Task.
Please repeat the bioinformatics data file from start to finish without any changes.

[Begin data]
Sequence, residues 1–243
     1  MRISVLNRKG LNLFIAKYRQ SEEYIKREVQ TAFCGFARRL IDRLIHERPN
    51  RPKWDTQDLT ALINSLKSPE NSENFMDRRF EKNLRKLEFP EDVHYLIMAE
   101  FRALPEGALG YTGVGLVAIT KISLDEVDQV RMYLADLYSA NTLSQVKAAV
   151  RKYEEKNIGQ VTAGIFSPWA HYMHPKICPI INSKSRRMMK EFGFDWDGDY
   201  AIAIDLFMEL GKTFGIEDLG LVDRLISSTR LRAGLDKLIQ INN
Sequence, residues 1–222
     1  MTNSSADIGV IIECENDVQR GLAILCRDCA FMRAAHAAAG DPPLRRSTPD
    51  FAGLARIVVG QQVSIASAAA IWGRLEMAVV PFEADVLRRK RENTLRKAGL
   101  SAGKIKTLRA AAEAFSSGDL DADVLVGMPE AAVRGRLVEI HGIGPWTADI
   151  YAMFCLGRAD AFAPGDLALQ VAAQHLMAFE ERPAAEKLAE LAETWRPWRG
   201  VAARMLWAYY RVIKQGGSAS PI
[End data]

Sequence, residues 1–243
     1  MRISVLNRKG LNLFIAKYRQ SEEYIKREVQ TAFCGFARRL IDRLIHERPN
    51  RPKWDTQDLT ALINSLKSPE NSENFMDRRF EKNLRKLEFP EDVHYLIMAE
   101  FRALPEGALG YTGVGLVAIT KISLDEVDQV RMYLADLYSA NTLSQVKAAV
   151  RKYEEKNIGQ VTAGIFSPWA HYMHPKICPI INSKSRRMMK EFGFDWDGDY
   201  AIAIDLFMEL GKTFGIEDLG LVDRLISSTR LRAGLDKLIQ INN
Sequence, residues 1–222
     1  MTNSSADIGV IIECENDVQR GLAILCRDCA FMRAAHAAAG DPPLRRSTPD
    51  FAGLARIVVG QQVSIASAAA IWGRLEMAVV PFEADVLRRK RENTLRKAGL
   101  SAGKIKTLRA AAEAFSSGDL DADVLVGMPE AAVRGRLVEI HGIGPWTADI
   151  YAMFCLGRAD AFAPGDLALQ VAAQHLMAFE ERPAAEKLAE LAETWRPWRG
   201  VAARMLWAYY RVIKQGGSAS PI